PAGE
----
Make Money, But to Sustain Lives
How local people came to see vacant lots not as blight but as opportunities to grow their own food. Marney Rich Keenan, Detroit News
Myrtle Thompson stood in the middle of her enormous garden on Manistique on Detroit’s east side as close to 200 tourists milled up and down the rows of squash, potatoes, tomatoes, cabbage, strawberries and soon-to-be very large pumpkins.
As “ooohs” and “ahhhs” could be heard over the hum of cicadas, Thompson’s proud smile said it all. Two years ago, these were four vacant lots strewn with garbage, abandoned cars and overgrown trees. Walking up to her, Ron Omilian, an architect from Grosse Pointe Park, gave Thompson a hearty handshake. “Congratulations!” he said in earnest. “This is the future, you know. And you’re a big part of it.” “Why, thank you,” Thompson said. “I sure hope so.”
More than 600 garden enthusiasts attended the 13th annual Detroit Agriculture Network Urban Garden and Farm Tour on Aug. 4. And if the 30 community gardens visited are proof of the power of homegrown fresh food to transform a community, our future looks very bright.
Several busloads and groups on bikes toured gardens created by families, whole neighborhoods, church members, youth groups, artists, even nuns from the Immaculate Heart of Mary order. But the aims were all the same: to yield thousands of pounds of fresh, nutritious produce for Detroit families, connect neighbors and strengthen communities, clean up vacant lots, improve property values and reduce crime.
You could not be on the two-hour bus tour — which began and ended at Catherine Ferguson Academy, the Detroit public high school for pregnant and parenting young women — and not feel uplifted by the amount of good will and effort made in providing more healthy food sources for those living in the city.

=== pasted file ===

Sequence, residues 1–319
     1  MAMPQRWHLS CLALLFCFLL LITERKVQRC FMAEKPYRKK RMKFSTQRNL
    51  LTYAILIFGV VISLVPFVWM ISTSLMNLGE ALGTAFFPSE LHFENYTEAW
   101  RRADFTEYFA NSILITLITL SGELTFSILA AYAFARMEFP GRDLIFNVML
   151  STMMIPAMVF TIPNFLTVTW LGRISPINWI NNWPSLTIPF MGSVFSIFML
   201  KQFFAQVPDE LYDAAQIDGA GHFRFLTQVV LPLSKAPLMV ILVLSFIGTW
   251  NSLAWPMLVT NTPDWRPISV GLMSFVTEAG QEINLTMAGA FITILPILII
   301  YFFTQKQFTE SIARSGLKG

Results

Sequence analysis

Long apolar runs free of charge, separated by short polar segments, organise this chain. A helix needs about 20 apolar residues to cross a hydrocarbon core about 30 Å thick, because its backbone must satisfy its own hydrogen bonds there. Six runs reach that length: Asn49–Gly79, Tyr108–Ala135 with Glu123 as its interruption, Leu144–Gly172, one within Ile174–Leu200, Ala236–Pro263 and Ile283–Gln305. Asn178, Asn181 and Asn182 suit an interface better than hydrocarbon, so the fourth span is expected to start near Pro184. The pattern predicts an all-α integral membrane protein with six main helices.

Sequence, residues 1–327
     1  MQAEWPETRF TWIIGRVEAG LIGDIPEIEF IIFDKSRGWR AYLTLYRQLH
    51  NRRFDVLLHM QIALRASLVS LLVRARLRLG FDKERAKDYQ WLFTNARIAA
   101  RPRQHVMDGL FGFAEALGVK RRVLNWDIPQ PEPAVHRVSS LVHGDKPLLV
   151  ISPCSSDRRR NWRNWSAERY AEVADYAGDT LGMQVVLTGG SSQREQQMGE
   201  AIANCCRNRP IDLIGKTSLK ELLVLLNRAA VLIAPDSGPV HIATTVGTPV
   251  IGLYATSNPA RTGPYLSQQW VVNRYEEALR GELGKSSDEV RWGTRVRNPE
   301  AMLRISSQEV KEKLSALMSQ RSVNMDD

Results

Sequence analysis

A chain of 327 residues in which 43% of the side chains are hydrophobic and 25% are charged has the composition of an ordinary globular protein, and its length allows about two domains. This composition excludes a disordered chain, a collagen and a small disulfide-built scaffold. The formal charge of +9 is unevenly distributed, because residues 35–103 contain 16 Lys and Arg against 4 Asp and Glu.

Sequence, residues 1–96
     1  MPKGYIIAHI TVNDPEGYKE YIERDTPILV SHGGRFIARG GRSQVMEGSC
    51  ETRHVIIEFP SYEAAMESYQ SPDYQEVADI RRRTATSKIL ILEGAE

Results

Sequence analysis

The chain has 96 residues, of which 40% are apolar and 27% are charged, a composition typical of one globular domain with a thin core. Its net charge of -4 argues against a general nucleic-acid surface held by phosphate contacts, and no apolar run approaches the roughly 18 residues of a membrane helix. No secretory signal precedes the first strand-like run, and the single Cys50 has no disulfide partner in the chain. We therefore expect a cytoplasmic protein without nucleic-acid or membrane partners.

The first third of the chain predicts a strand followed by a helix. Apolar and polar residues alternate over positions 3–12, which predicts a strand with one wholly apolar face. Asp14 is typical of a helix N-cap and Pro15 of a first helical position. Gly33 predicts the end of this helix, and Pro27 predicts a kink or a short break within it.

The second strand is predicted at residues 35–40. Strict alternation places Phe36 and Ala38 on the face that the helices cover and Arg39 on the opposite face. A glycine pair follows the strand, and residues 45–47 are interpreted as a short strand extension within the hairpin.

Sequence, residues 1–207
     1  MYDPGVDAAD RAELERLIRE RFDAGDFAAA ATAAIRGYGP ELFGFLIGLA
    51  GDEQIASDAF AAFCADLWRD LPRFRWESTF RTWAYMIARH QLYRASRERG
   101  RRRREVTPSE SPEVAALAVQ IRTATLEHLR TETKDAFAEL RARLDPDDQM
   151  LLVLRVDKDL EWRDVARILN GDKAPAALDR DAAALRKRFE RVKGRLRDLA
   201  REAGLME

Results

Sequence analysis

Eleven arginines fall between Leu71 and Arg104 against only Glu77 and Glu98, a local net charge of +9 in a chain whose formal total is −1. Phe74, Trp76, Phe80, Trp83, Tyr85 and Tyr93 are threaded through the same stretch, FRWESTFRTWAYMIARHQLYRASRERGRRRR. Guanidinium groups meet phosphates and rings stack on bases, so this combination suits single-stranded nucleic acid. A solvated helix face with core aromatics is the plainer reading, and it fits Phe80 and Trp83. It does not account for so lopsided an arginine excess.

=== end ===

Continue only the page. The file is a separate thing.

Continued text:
The need could not be greater here, where the dearth of healthy food options and scarcity of conventional supermarkets has earned Detroit “urban desert” status by the Centers for Disease Control and Prevention. The tour is sponsored by the Detroit Agriculture Network, which partners with The Greening of Detroit, EARTHWORKS Urban Farm/Capuchin Soup Kitchen and Michigan State University.
Highlights included the Pallister Community Garden in New Center, where 10 households, including five children, grow vegetables and herbs in raised and in-ground beds. The Georgia Street Community Garden on the east side is a thriving plot that also has become a neighborhood gathering spot: a recently installed movie screen treats the kids after dark. And at the Brightmoor Youth Garden on the west side, 25 kids, ages 9-17, run the whole show from seed to sale. Last year, they planted, maintained, harvested and sold 1,300 pounds of produce, earning them $2,700.
Thompson and Wayne Curtis are relative newcomers to community gardening. Two years ago, Thompson completed “Urban Roots:” a nine-week intensive course on how to start a community garden offered by the Garden Resource Program in Detroit. (Curtis is now taking the same course.) Both were recently laid off from Leaps and Bounds Family Services in Warren and are devoting themselves to the Manistique community garden full time.
Designated as “a peace zone for life,” the garden produces at least 10 kinds of vegetables, three types of greens, three kinds of tomatoes, two types of squash. The gardeners raise bees for honey. They want to build an orchard across the street and purchase an oven for bread making. Some of the produce they sell at Eastern Market, and they also allow neighbors to make regular donations and then pick straight from the garden.
Even though crime is rampant in the neighborhood, Curtis says the Manistique garden has earned a level of respect that, so far, has prevented vandalism and stealing. Curtis says they are riding the crest of a new perspective on food nationwide.
“Why should we be confined to the ridiculous policy of shipping food to the moon and back? Food that has been sprayed with pesticides and chemicals to supposedly keep it good by the time it reaches you. When, in fact, it’s really not good for you at all?”
At the tour’s end, everyone was served dinner made by local chefs using locally grown fresh produce. The menu was elaborate: layered kale and eggplant salad, pesto pasta, two chilled soups — Swedish blueberry and cucumber dill — polenta, herb focaccia and zucchini bread. The meal was served by Catherine Ferguson Academy students, who learn healthy eating and entrepreneurship through the school’s onsite farm. Last year, the students sold more than $4,200 worth of locally grown produce at farmers markets around the city.
As Curtis says: “We are in the fresh food source movement, not to make money, but to sustain lives. Our motto is grow a garden, grow a community.”
Let’s hope it has a long and successful future.
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